What Is Project Natick?

February 5, 2016 • Devin Partida


An underwater data center sounds like the stuff of futuristic science fiction, but Microsoft intends to make it a reality with Project Natick. The tech giant just made the project’s website public, providing a great visual summary of what to anticipate.

In Microsoft’s own words: “Project Natick seeks to understand the benefits and difficulties in deploying subsea data centers worldwide. We did so by designing, building, and deploying our own subsea data center in the ocean, all in about a year.” Various members of the Natick team elaborated on the project in this video.

Project Natick’s experimental prototype vessel is named Leona Philpot, after a character in Microsoft’s “Halo” video game franchise. The prototype was completed in August of 2015 and launched off the Pacific coast where it operated on the seafloor and underwent a variety of different tests.

The development provides many possible positive implications for future tech, as well as productivity in general.

Progressive Environmental Sustainability

As harmful environmental impacts like global warming affect everything — from crop growth to overheating servers — it makes sense a company like Microsoft would be proactive in ensuring storage and data methods are geared toward the future. Project Natick highlights environmental sustainability in addition to the lower costs and higher efficiency it provides.

Microsoft is wisely banking on cloud computing representing a big part of data solutions now and in the future, which is why Project Natick is based around this concept. Specifically, Natick will aid users who are close to large bodies of water — half of society can rightfully claim this — via contained offshore data centers that run on technology very similar to Natick.

underwater data centers

The operational aspect of the project involves heavy reliance on green energy, with the data centers being fully recyclable. They’ll be made from recyclable materials that will again be recycled at their expiration. Plus, being underwater means zero emission — no power generation or computer byproducts are emitted in our environment and air, and despite being underwater, the centers don’t use a drop of water for cooling or other purposes. Additionally, the team noticed no disturbance in the ecosystem when the Leona Philpot was deployed.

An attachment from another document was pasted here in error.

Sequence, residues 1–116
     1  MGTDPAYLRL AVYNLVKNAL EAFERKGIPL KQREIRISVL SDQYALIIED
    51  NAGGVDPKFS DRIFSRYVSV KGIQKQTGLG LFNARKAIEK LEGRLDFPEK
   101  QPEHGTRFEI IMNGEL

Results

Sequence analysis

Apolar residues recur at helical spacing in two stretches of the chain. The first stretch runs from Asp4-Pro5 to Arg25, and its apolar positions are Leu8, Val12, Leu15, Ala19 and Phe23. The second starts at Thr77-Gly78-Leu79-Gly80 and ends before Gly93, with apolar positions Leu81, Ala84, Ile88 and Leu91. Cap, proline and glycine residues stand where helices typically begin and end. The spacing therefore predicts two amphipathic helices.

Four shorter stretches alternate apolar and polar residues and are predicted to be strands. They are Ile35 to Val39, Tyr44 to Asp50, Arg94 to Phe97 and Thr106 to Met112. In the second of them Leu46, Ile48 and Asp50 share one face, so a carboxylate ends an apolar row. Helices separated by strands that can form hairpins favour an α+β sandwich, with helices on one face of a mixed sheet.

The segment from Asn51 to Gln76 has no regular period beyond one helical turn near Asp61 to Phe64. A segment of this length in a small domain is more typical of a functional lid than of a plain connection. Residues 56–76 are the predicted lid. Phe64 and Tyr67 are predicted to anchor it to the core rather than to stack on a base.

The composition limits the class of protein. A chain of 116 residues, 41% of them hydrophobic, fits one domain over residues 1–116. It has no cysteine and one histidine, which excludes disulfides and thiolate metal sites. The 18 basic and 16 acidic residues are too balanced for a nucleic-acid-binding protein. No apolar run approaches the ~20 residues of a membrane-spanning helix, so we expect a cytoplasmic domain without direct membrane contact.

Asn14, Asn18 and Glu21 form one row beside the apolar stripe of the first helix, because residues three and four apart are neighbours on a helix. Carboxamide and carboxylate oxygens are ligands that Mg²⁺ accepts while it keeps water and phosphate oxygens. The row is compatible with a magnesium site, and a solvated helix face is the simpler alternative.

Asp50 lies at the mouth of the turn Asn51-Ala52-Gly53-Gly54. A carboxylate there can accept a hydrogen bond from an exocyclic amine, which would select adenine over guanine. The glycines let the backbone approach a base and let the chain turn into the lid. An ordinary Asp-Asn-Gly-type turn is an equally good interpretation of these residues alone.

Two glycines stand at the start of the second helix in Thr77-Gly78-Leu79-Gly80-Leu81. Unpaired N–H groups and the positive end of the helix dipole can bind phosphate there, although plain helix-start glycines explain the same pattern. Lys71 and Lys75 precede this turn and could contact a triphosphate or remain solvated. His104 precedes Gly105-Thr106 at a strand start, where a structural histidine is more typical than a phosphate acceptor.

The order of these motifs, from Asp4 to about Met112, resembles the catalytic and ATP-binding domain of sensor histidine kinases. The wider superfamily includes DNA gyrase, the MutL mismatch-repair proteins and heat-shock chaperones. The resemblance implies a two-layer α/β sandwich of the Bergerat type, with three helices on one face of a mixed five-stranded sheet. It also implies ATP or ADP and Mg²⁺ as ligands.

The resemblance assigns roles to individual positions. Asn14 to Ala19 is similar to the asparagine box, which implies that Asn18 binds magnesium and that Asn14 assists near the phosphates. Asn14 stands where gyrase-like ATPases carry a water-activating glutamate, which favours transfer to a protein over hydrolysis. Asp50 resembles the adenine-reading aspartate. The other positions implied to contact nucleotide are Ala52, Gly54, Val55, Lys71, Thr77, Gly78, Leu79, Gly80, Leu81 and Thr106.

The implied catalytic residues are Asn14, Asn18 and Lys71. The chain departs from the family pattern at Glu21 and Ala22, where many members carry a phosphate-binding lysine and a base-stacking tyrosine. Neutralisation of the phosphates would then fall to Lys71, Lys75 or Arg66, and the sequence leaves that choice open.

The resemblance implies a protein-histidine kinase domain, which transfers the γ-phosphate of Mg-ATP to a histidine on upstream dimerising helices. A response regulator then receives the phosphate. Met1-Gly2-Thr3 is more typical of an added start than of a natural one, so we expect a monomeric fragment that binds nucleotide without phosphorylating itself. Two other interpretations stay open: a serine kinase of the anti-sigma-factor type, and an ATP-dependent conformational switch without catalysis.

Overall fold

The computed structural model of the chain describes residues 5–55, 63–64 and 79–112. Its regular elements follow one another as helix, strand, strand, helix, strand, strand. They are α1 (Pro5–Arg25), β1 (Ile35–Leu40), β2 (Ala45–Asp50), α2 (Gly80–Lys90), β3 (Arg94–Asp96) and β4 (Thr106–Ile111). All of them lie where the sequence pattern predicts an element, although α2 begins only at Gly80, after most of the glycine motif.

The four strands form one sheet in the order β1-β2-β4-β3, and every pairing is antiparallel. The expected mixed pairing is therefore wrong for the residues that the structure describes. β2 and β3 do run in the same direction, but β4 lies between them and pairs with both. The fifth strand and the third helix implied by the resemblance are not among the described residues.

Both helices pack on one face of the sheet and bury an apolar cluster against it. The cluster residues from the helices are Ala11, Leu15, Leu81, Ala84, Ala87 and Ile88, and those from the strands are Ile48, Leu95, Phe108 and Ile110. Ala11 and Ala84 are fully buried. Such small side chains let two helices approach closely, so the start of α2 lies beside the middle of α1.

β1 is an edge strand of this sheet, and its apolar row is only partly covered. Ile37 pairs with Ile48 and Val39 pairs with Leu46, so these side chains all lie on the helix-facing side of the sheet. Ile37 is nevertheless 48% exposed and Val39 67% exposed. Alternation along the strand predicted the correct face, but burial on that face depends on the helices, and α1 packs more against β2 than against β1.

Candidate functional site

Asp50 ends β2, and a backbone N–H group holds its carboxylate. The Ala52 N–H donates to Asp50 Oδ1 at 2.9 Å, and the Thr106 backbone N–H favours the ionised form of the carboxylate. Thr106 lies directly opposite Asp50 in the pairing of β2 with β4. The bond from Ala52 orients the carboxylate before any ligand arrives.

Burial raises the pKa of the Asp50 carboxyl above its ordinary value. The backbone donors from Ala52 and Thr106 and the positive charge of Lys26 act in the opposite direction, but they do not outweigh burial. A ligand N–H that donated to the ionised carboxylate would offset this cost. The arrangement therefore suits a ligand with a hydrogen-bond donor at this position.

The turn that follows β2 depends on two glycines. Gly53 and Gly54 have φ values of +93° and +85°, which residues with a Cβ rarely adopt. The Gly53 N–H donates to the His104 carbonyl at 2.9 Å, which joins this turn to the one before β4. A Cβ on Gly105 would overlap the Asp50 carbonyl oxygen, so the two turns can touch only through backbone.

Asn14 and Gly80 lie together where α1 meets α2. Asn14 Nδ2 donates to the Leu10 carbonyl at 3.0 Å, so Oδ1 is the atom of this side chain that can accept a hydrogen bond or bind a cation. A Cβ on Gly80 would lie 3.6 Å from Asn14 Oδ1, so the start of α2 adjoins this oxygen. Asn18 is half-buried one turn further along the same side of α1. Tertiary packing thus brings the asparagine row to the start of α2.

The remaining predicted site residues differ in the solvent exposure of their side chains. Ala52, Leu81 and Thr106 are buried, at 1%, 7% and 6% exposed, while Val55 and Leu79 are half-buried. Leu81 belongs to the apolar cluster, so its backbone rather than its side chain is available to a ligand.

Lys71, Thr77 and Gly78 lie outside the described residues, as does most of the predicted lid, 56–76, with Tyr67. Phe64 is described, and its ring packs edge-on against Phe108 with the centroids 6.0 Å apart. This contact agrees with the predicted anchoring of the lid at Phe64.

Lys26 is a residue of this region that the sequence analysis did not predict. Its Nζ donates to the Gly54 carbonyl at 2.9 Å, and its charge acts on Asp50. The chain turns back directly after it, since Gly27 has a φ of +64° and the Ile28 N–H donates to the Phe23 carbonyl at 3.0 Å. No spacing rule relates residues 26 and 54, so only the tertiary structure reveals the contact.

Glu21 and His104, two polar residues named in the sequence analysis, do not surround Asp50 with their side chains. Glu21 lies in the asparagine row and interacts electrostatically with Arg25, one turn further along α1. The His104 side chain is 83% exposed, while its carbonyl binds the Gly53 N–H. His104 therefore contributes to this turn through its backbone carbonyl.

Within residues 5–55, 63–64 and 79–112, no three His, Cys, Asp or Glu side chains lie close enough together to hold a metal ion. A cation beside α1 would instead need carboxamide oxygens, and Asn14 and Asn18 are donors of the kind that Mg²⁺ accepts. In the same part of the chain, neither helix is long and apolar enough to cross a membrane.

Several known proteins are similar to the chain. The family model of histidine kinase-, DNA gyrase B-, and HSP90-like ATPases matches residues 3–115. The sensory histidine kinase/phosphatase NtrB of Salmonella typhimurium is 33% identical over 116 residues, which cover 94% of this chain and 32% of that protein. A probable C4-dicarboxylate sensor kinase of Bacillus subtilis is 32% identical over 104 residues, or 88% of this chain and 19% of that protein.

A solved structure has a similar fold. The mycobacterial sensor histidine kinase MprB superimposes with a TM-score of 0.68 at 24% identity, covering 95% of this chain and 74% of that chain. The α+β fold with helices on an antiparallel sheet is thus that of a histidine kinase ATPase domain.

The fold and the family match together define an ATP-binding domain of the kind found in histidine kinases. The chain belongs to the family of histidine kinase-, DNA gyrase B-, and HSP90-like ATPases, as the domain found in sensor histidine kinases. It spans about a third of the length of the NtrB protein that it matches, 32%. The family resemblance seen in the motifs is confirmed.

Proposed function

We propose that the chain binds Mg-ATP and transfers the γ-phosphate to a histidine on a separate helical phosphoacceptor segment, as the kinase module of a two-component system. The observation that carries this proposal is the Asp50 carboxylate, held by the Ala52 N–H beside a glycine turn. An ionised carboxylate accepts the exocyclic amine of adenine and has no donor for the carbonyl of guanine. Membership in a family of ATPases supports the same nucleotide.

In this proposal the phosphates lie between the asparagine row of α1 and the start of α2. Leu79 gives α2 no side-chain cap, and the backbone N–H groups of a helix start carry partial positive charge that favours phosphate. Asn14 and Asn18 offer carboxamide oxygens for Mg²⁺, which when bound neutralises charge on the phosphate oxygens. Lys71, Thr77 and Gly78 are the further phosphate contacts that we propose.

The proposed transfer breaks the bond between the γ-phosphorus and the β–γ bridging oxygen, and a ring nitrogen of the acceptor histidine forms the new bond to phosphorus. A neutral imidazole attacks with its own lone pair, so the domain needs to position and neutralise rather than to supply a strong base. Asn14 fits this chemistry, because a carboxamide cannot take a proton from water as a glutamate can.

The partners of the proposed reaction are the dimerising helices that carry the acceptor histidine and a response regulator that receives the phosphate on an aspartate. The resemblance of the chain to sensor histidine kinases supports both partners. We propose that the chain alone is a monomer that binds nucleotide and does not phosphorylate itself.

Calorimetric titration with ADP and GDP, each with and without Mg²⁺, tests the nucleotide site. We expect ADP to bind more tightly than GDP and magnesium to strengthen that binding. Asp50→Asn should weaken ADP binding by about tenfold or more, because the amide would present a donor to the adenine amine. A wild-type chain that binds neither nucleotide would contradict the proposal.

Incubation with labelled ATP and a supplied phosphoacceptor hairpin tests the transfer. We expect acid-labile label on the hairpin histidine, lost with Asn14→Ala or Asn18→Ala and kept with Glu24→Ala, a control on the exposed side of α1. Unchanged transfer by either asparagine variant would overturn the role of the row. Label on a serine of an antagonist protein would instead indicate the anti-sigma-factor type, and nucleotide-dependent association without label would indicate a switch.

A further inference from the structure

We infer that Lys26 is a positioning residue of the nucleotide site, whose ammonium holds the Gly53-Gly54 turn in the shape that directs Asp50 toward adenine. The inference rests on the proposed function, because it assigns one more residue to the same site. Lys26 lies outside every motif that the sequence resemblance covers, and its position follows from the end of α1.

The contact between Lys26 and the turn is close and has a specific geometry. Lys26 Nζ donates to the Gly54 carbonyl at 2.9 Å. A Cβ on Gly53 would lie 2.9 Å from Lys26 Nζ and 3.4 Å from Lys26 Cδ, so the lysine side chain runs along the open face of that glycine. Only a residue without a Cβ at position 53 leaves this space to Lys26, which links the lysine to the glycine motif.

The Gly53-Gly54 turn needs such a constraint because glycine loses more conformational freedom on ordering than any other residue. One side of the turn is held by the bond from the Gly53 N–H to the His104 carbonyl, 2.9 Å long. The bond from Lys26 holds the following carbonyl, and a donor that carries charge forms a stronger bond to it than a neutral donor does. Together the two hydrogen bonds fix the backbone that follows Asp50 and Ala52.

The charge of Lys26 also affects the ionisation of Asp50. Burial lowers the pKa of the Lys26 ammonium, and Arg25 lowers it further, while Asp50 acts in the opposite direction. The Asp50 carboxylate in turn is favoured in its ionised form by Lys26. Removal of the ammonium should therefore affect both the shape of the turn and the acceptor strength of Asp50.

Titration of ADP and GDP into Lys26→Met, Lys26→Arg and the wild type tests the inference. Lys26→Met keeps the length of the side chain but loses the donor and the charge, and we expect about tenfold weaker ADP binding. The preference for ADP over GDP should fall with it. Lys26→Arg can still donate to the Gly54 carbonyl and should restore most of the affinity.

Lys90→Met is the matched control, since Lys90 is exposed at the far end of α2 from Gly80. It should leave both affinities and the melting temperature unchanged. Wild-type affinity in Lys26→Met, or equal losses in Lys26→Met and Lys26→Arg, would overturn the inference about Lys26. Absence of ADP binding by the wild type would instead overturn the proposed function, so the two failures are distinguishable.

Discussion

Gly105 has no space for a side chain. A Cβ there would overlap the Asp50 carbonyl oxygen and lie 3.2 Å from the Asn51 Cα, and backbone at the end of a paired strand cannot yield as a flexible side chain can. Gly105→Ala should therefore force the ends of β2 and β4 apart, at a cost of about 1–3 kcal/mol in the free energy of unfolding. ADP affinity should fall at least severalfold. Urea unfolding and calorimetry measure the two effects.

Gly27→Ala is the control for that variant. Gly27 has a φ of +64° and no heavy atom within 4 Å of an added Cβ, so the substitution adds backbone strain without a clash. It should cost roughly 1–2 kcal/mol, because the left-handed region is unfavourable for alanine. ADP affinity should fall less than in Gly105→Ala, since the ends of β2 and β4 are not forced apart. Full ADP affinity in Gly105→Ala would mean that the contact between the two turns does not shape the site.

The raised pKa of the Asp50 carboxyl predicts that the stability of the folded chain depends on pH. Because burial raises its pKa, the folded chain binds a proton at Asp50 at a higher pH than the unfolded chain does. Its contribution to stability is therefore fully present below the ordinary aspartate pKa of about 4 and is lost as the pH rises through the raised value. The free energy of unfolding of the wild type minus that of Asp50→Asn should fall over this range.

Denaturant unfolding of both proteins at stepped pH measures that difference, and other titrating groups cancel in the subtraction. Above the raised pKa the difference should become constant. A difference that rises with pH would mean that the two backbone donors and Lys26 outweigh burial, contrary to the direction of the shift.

Quick Demand Fulfillment

The prospect of an underwater data center sounds like it would take years to build. Not so with Project Natick. Microsoft touts the “ability to deploy a data center from start to finish in 90 days” on the project’s site — noting how the fast response time is particularly adept to fulfilling market demand, especially in the case of natural disasters.

Secure, underwater data centers during these instances could provide victims with data services that could save lives and help keep communication lines open. Natural disasters of the past have shown rampant outages.

Not only does this fast response time increase productivity in general, but the project’s intent to exist in large bodies of water is very wide-reaching for everyone’s benefit. The system increases the availability of data access to the public, which reduces latency and provides everyone with a faster experience — aiding in overall productivity.

A Natick data center is projected to last an average of five years. That’s quite a feat considering it only takes 90 days to build. In addition, the project’s expert developers are working hard to ensure cooling mechanisms, general security of the infrastructure and other technical operations of the machine work as efficiently as they possibly can so malfunctions will be minimal to none when it’s fully operable.

Considering that its materials are recycled after use, no emissions are released into the air, and it provides benefits to around half of the world’s population, it’s safe to say that Project Natick will have a big impact on future technology, productivity in business and the population in general over the next several years.